CAGEN: Critical Assessment of Genetically Engineered Networks
The Critical Assessment for Genetically Engineered Networks (CAGEN) competition is intended to drive new approaches to designing robust, synthetic biological circuits. The competition involves teams of established researchers designing circuits that implement a given function and the assessment of their circuit's performance across a set of multiple operating environments.
The CAGEN competition is sponsored by the Keck Foundation, as part of the National Acadamies Keck Futures Initiative (NAKFI).
Overview of the Competition
The Critical Assessment for Genetically Engineered Networks (CAGEN, pronounced ``cajun) is a new competition designed to improve the robustness and performance of human-designed biological circuits and devices operating in cells. The competition is intended to bring together leading research groups in biological circuit design to compete to demonstrate their abilities at designing circuits that perform in a prescribed manner in a variety of cellular contexts. Each year, a steering committee will propose a challenge problem that involves the design of an increasingly complex set of biological functions in a range of environments. Teams must submit their sequences, plasmid DNA implementing their circuit and data characterizing the performance of their system against a specified test suite. The top 3-5 designs will be submitted to the NSF BIOFAB for final characterization, and the winner will be selected based on a set of quantifiable metrics.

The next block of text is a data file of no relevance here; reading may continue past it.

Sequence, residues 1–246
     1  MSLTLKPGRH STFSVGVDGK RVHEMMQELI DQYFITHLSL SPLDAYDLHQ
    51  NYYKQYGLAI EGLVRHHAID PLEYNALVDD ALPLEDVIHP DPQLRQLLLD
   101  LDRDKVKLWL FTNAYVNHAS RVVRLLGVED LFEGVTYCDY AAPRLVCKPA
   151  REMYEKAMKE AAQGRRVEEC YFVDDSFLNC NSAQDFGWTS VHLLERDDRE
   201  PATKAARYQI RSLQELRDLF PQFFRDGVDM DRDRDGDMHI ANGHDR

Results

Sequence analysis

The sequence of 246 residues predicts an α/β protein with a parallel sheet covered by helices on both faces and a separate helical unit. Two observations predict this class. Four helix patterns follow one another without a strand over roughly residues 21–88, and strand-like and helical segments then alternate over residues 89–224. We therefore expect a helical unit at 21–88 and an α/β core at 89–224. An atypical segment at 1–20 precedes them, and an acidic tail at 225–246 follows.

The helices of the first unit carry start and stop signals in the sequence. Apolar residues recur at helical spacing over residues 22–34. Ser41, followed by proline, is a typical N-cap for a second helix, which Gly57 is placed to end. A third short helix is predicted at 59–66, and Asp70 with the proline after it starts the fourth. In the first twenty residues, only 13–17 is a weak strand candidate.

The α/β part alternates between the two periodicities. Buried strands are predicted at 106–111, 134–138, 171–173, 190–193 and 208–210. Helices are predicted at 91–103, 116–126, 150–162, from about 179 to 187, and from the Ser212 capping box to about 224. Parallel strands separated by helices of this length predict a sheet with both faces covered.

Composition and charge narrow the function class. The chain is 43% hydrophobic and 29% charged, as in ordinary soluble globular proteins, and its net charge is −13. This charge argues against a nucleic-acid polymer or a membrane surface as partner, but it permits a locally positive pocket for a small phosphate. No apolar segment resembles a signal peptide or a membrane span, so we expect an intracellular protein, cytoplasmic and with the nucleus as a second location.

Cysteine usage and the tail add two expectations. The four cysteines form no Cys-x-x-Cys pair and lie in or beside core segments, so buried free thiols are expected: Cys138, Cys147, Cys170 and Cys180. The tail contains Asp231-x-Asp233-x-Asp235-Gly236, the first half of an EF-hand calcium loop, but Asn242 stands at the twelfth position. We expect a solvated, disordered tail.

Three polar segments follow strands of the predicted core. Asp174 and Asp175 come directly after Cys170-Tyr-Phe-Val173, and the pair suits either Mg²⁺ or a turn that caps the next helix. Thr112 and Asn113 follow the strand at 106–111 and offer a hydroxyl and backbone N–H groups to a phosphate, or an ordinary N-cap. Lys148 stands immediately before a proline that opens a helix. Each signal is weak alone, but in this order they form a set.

As part of a recent NAKFI proposal funded by the Keck Foundation, we are implementing the first iteration of the competition, including selecting the challenge problem, implementing a set of reference test protocols, announcing and publicizing the competition, implementing the selection process and choosing a winner. If successful, we believe that the competition can be proposed for continued funding from other sources and that over the medium term (5--10 years) CAGEN could lead toward a more robust set of biological design methods that allow human-designed circuits and devices to perform at levels closer to their biological counterparts.